Examples of some specific cellular features that may be extracted from captured images and used in multivariate response paths of this invention are included in the following table. Other features can be used without departing from the scope of the invention.

Name of Parameter Explanation/Comments
Count Number of objects
Area
Perimeter
Length X axis
Width Y axis
Shape Factor Measure of roundness of an object
Height Z axis
Radius
Distribution of
Brightness
Radius of Dispersion Measure of how dispersed the marker is
from its centroid
Centroid location x-y position of center of mass
Number of holes in Derivatives of this measurement might
closed objects include, for example, Euler number
(= number of objects −
number of holes)
Elliptical Fourier Multiple frequencies that describe the
Analysis (EFA) shape of a closed object
Wavelet Analysis As in EFA, but using wavelet transform
Interobject Orientation Polar Coordinate analysis of relative location
Distribution Interobject Including statistical characteristics
Distances
Spectral Output Measures the wavelength spectrum of the
reporter dye. Includes FRET
Optical density Absorbance of light
Phase density Phase shifting of light
Reflection interference Measure of the distance of the cell membrane
from the surface of the substrate
1, 2 and 3 dimensional Spatial frequency analysis of non closed objects
Fourier Analysis
1, 2 and 3 dimensional Spatial frequency analysis of non closed objects
Wavelet Analysis
Eccentricity The eccentricity of the ellipse that has the same
second moments as the region.
A measure of object elongation.
Long axis/Short Axis Another measure of object elongation.
Length
Convex perimeter Perimeter of the smallest convex polygon
surrounding an object
Convex area Area of the smallest convex polygon
surrounding an object
Solidity Ratio of polygon bounding box area to
object area.
Extent proportion of pixels in the bounding box
that are also in the region
Granularity
Pattern matching Significance of similarity to reference pattern
Volume measurements As above, but adding a z axis
Number of Nodes The number of nodes protruding from a closed
object such as a cell; characterizes cell shape
End Points Relative positions of nodes from above

The features used in the actual points comprising a response path of this invention may be directly extracted from the images or they may be biological characterizations derived from the features. Note that the points may also include some features that were not directly or indirectly obtained from the images. For example, the points may include information obtained from public sources such as databases, literature, etc. Further, the features comprising the points may include non-image related data, such as data obtained from chemical and biological assays.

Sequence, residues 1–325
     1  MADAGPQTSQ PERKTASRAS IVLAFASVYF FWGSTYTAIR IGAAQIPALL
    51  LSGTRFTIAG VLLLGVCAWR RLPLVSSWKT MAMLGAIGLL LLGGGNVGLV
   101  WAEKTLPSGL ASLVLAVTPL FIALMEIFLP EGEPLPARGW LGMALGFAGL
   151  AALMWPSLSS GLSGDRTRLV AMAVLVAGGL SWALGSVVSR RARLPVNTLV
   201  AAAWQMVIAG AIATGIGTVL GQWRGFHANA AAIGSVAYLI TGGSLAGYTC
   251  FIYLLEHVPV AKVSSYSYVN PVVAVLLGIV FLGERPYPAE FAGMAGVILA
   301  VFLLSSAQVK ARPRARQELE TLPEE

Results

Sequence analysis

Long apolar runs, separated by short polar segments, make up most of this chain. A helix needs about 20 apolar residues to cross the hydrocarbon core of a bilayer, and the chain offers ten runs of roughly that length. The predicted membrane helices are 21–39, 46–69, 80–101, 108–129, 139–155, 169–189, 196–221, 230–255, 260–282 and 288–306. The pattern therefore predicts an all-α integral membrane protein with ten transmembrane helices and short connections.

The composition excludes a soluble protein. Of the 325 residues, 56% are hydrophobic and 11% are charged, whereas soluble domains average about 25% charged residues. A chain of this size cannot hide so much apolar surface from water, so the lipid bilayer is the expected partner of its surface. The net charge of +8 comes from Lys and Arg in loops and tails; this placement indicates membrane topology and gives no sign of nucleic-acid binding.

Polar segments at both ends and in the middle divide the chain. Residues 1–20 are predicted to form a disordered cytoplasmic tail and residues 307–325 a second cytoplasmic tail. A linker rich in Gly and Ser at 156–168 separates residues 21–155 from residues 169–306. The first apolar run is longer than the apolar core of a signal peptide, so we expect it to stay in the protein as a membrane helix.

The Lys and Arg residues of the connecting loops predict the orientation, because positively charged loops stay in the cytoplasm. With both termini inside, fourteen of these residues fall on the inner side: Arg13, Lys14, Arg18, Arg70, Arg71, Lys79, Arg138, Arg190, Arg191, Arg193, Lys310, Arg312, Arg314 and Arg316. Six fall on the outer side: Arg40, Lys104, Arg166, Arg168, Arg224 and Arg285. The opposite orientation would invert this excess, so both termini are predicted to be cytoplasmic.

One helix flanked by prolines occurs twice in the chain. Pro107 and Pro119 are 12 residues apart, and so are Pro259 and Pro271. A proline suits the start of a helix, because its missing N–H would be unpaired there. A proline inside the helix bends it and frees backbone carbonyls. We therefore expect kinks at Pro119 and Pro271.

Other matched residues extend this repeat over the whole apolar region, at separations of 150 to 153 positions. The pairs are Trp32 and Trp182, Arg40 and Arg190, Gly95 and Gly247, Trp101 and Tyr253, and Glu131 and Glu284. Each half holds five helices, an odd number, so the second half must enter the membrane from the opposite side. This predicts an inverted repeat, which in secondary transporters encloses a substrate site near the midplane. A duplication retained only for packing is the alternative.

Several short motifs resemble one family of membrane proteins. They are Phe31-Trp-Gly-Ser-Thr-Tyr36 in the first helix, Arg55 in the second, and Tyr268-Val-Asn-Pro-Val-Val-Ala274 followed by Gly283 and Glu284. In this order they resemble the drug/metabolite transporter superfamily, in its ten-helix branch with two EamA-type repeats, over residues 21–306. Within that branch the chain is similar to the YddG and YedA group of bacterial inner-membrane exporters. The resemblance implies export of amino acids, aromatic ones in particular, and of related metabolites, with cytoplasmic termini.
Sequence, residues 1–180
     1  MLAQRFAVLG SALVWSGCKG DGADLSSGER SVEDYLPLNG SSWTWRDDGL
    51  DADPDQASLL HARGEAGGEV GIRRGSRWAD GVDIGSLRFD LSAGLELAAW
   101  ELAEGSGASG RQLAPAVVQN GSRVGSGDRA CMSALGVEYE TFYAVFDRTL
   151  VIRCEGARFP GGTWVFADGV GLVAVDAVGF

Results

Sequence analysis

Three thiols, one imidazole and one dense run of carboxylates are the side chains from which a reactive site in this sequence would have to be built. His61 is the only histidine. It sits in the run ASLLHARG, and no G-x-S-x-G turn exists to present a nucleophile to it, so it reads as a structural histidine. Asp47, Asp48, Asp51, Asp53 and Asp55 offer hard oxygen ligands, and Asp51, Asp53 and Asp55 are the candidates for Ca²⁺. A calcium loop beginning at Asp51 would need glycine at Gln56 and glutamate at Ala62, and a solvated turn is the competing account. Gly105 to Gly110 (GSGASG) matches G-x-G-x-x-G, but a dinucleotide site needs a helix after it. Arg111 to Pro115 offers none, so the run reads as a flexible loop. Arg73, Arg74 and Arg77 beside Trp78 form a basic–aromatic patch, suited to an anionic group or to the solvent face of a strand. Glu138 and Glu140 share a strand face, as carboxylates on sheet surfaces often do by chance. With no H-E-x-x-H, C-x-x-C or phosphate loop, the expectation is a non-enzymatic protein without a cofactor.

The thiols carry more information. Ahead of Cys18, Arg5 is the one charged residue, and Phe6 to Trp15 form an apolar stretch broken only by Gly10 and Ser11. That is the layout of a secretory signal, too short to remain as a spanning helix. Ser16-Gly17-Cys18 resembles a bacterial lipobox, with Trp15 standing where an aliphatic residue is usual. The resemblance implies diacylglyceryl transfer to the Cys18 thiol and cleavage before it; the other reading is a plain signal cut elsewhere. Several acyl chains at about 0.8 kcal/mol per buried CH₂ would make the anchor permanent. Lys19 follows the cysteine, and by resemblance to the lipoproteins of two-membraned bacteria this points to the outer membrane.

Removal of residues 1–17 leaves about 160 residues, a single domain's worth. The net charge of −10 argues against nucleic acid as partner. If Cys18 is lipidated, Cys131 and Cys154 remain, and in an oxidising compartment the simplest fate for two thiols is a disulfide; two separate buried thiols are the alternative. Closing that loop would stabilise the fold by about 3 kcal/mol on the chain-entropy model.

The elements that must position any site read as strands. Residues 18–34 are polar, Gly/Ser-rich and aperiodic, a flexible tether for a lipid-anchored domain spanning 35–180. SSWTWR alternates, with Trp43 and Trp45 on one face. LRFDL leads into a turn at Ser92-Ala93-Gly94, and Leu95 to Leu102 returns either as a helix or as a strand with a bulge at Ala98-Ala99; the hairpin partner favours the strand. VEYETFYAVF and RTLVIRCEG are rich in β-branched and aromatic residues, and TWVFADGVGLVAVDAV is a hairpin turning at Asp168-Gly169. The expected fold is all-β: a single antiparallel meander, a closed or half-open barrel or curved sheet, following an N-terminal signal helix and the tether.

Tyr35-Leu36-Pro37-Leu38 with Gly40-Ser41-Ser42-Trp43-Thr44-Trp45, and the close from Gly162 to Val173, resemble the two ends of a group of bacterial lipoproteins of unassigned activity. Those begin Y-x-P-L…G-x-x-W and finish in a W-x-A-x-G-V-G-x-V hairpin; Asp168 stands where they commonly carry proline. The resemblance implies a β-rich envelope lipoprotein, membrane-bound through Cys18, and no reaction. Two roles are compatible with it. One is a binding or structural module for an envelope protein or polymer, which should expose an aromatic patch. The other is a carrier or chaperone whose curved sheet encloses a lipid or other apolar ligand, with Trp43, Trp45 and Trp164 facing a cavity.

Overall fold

Often the features are chosen based upon a biological understanding. For example, if a cell's state in the cell cycle is important to the biological problem being investigated, then features that characterize the amount of DNA in a cell and/or the degree of condensation of that DNA into chromosomes is relevant. In a specific example, cell cycle features include the total quantity of DNA in a nucleus, the area of the nucleus, and the intensity variance of the cellular DNA. A full discussion of the relevant features for characterizing the cell cycle is presented in U.S. patent application Ser. No. 09/729,754, previously incorporated by reference.

Similarly, if an objective is to characterize the Golgi in a cell, this can be accomplished with features that define the location of the Golgi with respect to the nucleus, describe the texture of the Golgi and describe the local concentration of Golgi components. The full discussion of the features relevant in characterizing Golgi is presented in U.S. patent application Ser. No. 09/792,012, previously incorporated by reference. Of specific interest, the Golgi complex in a perinuclear region may be characterized using features such as the mean, standard deviation, and kurtosis of pixel intensity, and various eigenvalues obtained by singular value decomposition of a pixel intensity matrix for the Golgi marker. From these features, the Golgi complex of a given cell may be characterized as normal, diffused, dispersed, or dispersed and diffused.